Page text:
NPA Crisis

What is the doctrine of Force Majeure?

Note4Students

From UPSC perspective, the following things are important :

Prelims level : Doctrine of Force Majeure

Mains level : Doctrine of Force Majeure, frustration of a contract

The recent spread of the Coronavirus has triggered a global slowdown and has rendered ongoing business operations of several organisations to almost a standstill. This has resorted them to invoking the ‘force majeure’ clause to seek some relief.

Practice question for mains:

Q) What is the doctrine of Force Majeure and Frustration of a Contract? Discuss how it can worsen the NPA crisis in India.

What is Force Majeure?

  • Force majeure is purely a contractual remedy available to an affected party under a contract and for seeking relief, the reference would be to the express terms of the contract.
  • It is a contractual provision allocating the risk of loss if performance becomes impossible or impracticable, especially as a result of an event that the parties could not have anticipated or controlled.
  • While force majeure has neither been defined nor specifically dealt with, in Indian statutes, some reference can be found in Section 32 of the Indian Contract Act, 1872 (the “Contract Act”).
  • It envisages that if a contract is contingent on the happening of an event which event becomes impossible, then the contract becomes void.

Where are such clauses found?

  • Force majeure clauses can usually be found in various contracts such as power purchase agreements, supply contracts, manufacturing contracts, distribution agreements, project finance agreements, agreements between real estate developers and home buyers, etc.

Circumstances qualified for force majeure

  • A force majeure clause typically spells out specific circumstances or events, which would qualify as force majeure events, conditions which would have be fulfilled for such clause to apply.
  • As such, for a force majeure clause to become applicable the occurrence of such events should be beyond the control of the parties.
  • The parties will be required to demonstrate that they have made attempts to mitigate the impact of such force majeure event.
  • If an event or circumstance qualifies, the consequence would be that parties would be relieved from performing their respective obligations to be undertaken by them under the contract.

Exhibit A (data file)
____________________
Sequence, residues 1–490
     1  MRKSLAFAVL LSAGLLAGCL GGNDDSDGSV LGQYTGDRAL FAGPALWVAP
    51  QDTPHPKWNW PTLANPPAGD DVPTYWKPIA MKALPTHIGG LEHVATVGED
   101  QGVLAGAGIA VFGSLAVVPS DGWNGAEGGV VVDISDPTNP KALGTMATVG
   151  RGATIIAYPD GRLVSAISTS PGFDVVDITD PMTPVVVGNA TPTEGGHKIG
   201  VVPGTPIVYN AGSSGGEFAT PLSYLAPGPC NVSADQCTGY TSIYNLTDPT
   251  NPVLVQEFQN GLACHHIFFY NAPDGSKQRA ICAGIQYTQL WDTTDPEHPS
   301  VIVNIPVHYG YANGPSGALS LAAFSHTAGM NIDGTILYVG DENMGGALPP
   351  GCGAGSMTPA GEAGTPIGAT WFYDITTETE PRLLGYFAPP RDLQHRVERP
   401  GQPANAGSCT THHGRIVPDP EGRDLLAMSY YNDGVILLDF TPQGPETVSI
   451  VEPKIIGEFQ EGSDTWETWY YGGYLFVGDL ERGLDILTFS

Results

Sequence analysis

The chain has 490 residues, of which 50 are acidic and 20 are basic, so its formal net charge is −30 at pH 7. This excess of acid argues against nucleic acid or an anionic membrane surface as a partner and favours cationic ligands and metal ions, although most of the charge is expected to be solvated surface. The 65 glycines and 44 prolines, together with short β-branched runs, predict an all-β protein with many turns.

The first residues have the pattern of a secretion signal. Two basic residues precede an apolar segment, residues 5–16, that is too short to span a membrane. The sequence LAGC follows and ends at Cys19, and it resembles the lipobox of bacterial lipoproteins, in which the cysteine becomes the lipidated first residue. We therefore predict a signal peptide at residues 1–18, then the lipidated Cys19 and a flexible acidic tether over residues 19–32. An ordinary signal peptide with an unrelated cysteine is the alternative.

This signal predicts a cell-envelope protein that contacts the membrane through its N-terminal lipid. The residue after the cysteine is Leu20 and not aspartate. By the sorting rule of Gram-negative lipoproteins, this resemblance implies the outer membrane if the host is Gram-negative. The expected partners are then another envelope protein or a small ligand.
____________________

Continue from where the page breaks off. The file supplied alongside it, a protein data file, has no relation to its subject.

Why it is in news, now?

  • Due to the lockdown restrictions placed by the government, the parties’ ability to perform and fulfil their contractual obligations is affected.
  • Where the contract does not specifically cover the current situation is a matter of debate.
  • The Indian Contract Act, 1872 is more than a century old and does not have any specific provisions relating to suspension of contracts or termination of contracts in cases of a pandemic.
  • The Act clearly provides that an agreement to do an act impossible in itself is void (Section 56).
  • After a contract is made, if any act becomes impossible or unlawful by reason of some event, such a contract becomes void.

What is the difference between force majeure and frustration of a contract?

  • Under the doctrine of frustration, the impossibility of a party to perform its obligations under a contract is linked to the occurrence of an event/circumstance subsequent to the execution of a contract and which was not contemplated at the time of execution of the contract.
  • However, under in case of a force majeure, parties typically identify, prior to the execution of a contract, an exhaustive list of events, which would attract the applicability of the force majeure clause.
  • The doctrine of Frustration renders the contract void and consequently, all contractual obligations of the parties cease to exist.

What did the Supreme Court say?

  • Recently, the Supreme Court observed that the doctrine of frustration as enumerated in the Act would apply only where the parties have not specified the consequences of an event which renders the performance of the contract impossible.
  • Termination of a frustrated contract would be possible only in cases where the contract becomes impossible to perform which means the damage to the contract should be of permanent nature and not something which can be performed with the passage of time.
  • Hence a temporary inability or force majeure event would not qualify under the doctrine.

What lies ahead?

  • The force majeure clause in contracts should not be misconstrued as an event of frustration covered under the Act.
  • Force majeure is purely a contractual remedy available to an affected party under a contract and for seeking relief; the reference would be to the express terms of the contract.
  • However, a party claiming frustration of contract and seeking to escape liability or other obligation under a contract will necessarily have to approach an appropriate judicial forum.
  • It is likely that ‘force majeure’ clauses in contracts need to be more heavily negotiated to include references to epidemics or pandemics, in addition to other situations.
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